Three online booking horror stories that show why you should always use a travel agent

Expedia and other online travel agencies (OTAs) boast of saving travelers money on flights, hotels and rental cars in cities around the world. But, even when they promise savings, they are not always able to deliver on their promises. Especially when travel plans go astray.

The biggest problem ? Travelers booking through OTAs don’t have someone by their side when things go wrong, and reading reviews of OTAs, things often tend to go wrong.

Here are three of the worst recent stories of passengers being left behind due to a lack of support from OTA teams.

When a hotel is not a hotel
One user, Julia from Spokane, Washington, began her review by stating that “I never write bad reviews, however, I couldn’t be more disappointed.”

Julia, according to her review, had tried to get a refund for a hotel she had booked on Expedia which turned out to be not a hotel at all, but someone’s personal apartment.

“I couldn’t even spend the night if I wanted to because there was no way to even get into the building,” she wrote. Unable to arrange insurance, she contacted the Expedia reservations team to see what they could do to help her get a refund, but they were unable to contact the hotel as they had no not the correct coordinates.

She ended up taking matters into her own hands, finding contact information for the hotel, then acting as a middleman between Expedia and the hotel, emailing back and forth to try and get her money back.

“I have been mediating a conversation and passing information between “the hotel” and Expedia for over a month now and the “hotel” insists that they have not received any kind of messages, emails or calls from Expedia asking for the refund,” she wrote. “I still owe well over $200 and haven’t heard from Expedia in the past week.

“To say I’m frustrated is a huge understatement and I haven’t been contacted by phone or email despite my polite requests for over a week by any kind of management. I went to leave a google review and it’s impossible to do so. I have sent emails many times. I’ve gone through every means to get noticed by them and I’m getting to a real point of anger.

She ended her review by explaining that she wouldn’t be upset if she knew her situation was being dealt with, no matter how slow, but she had no “assurance that they were trying to resolve the situation.”

Check-in, check-out, check-in again
A user from Fremont, CA booked a three-day family vacation to Las Vegas through Expedia on a single itinerary, but it turned into separate one-night bookings after going through the reservation system. Expedia.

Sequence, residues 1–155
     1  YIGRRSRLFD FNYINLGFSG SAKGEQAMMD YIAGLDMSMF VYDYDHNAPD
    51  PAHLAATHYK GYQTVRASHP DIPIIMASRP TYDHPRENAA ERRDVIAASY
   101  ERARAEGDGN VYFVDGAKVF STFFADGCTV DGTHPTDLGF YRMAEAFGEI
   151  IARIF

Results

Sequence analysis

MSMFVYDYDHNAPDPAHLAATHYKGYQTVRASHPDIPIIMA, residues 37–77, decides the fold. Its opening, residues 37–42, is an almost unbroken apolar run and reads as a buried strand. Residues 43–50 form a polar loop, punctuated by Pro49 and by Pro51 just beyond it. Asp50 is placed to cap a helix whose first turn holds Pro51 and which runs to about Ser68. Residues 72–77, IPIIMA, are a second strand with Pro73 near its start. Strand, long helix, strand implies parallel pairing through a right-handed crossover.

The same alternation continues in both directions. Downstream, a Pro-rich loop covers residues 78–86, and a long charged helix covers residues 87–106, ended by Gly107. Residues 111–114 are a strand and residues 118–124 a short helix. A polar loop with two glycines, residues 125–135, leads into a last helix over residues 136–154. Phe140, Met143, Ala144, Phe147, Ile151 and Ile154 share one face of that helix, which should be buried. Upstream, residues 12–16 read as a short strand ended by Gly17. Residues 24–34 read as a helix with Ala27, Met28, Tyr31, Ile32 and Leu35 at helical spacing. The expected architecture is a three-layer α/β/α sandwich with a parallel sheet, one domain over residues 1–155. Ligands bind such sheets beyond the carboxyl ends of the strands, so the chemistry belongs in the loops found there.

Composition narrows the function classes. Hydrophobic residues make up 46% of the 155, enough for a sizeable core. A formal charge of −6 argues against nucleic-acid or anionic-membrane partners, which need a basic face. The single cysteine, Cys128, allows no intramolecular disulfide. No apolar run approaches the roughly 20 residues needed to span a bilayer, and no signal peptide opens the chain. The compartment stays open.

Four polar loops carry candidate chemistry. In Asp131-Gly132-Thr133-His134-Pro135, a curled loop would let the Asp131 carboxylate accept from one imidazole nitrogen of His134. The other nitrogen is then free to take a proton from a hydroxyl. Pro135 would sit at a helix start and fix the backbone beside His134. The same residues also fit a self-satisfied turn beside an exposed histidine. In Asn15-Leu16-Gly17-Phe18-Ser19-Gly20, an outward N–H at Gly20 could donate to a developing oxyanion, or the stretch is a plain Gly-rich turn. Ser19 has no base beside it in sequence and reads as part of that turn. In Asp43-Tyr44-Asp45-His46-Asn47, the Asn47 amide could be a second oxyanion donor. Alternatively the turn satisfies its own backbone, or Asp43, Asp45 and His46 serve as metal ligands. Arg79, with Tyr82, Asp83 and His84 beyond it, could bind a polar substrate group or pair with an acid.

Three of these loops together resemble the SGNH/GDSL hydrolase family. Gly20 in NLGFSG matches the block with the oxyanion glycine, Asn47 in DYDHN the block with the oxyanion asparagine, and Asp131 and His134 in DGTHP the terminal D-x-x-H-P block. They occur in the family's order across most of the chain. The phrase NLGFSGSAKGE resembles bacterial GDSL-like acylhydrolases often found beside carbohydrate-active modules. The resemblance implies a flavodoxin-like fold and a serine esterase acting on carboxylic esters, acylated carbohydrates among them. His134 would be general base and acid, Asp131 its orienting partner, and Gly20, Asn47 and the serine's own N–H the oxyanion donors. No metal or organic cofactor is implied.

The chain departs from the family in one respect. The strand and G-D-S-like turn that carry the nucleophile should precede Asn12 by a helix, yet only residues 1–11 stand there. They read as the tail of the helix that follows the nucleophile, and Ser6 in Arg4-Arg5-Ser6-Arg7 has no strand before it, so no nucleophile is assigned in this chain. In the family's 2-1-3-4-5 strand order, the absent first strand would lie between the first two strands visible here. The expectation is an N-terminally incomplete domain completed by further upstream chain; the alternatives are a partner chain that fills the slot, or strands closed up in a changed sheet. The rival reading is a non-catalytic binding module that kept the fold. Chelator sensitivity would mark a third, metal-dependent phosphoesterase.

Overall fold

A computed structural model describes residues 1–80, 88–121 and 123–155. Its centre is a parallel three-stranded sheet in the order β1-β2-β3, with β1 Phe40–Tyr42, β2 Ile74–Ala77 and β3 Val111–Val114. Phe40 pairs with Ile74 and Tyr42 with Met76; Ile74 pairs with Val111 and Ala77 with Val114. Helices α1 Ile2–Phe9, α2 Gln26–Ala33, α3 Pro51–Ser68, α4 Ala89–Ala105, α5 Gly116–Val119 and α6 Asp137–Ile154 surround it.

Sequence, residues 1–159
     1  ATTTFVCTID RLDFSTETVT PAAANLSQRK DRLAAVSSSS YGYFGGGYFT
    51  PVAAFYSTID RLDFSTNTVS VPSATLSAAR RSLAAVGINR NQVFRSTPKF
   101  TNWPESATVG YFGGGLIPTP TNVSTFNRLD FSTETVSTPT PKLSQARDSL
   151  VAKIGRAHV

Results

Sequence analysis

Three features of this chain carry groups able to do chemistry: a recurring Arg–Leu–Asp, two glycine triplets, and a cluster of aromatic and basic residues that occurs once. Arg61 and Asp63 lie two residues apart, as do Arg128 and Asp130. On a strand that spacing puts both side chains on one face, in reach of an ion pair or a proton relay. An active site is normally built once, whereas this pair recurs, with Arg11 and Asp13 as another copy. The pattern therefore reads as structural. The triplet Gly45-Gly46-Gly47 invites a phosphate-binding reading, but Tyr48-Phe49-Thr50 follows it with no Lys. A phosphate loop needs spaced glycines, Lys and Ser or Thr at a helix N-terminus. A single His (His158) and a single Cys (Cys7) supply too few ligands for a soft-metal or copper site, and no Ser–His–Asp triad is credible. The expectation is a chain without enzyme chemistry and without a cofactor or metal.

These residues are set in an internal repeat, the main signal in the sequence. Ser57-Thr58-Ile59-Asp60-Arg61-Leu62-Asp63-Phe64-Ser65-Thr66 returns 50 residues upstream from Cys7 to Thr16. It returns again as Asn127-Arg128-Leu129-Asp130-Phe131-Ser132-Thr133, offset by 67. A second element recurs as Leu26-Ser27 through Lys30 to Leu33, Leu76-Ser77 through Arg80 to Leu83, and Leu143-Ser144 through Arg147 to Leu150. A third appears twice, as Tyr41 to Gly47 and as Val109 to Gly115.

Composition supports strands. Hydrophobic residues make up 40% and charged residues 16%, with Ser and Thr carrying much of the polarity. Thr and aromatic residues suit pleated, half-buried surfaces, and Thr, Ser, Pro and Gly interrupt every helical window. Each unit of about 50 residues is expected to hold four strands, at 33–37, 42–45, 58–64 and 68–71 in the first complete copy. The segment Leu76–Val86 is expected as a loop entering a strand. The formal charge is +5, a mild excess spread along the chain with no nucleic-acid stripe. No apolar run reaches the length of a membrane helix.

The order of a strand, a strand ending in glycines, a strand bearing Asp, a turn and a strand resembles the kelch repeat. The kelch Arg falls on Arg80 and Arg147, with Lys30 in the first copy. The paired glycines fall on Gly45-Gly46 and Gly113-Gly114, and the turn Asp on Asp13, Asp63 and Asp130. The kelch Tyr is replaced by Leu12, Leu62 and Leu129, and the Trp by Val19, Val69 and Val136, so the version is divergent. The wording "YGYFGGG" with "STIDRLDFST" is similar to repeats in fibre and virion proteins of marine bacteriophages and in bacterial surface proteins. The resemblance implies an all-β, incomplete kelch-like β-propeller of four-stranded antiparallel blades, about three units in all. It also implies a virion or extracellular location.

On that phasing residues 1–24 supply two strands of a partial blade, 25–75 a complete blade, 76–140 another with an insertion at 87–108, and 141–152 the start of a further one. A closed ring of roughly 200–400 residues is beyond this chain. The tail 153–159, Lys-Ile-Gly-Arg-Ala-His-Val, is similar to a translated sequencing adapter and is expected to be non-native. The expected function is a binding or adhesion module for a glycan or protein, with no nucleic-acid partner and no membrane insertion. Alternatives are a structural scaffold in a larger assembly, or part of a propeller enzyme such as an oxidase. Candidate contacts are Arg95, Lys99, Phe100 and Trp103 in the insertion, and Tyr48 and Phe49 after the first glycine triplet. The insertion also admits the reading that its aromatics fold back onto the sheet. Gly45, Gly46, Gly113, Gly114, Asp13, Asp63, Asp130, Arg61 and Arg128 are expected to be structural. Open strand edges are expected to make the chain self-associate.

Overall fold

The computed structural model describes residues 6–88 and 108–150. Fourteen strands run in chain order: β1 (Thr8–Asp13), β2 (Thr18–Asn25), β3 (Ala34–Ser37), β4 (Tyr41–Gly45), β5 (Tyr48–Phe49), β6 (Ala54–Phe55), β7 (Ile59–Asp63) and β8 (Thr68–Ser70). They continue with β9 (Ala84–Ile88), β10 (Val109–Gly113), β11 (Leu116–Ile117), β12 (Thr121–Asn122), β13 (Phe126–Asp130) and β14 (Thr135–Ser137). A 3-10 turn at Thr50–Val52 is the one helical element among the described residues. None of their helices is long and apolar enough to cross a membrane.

This meant that the traveler and family had to check in one day, pack up the next and leave, before checking in again at the same desk they had used less than 24 hours before.

“The hotel said check-in wouldn’t be until 3pm and the room wasn’t ready. I have to wait in the lobby with my luggage until 3pm and I lost my vacation days in Las Vegas. I booked for a trip to the Grand Canyon, but due to this issue my trip was cancelled. I was waiting at the hotel with my wife and child in the morning at 3 p.m. to get the room. It was a horrible experience for me,” he wrote.

After the vacation was over, he called Expedia to try to get an answer as to why his reservation had been made that way and to see if he could get compensation for missing the Grand Canyon tour he had reserved. It took him two hours on the phone to speak to a manager and he ended up with an offer of a $100 Expedia voucher for future travel.

“Comparing my struggles that day, canceling my precious trip to the Grand Canyon and wasting an entire day in Las Vegas was not enough for me,” he wrote. “This is not acceptable at all and I suggest not going with Expedia anymore.”

Stolen booking
A New Jersey family wrote that their Expedia reservation, for a few nights at a hotel in Sydney, Australia, had been stolen.

“We have received a booking change notice,” the user wrote, indicating that a hotel booking in Sydney, Australia had been changed to a non-existent hotel in the Dominican Republic.

Expedia, to its credit, was able to locate the recorded conversation of the rebooking, but did not end up helping to refund or rectify the hotel reservation.

“We filed a complaint. They came back and said they did nothing wrong and I should pay the hotel. I tried several times to contact their legal department to make sure the fraud was reported. They wouldn’t log me in,” the user wrote.

Eventually, after several back and forths with Expedia, they refused to release the tape of the reservation being changed. Since the booking was made through American Express, which offered fraud protection, they were able to get a refund.

“Do not use Expedia. This is an insecure site with very questionable anti-fraud practices and atrocious customer service. Neither your reservation nor your money is safe with Expedia,” the user wrote. .

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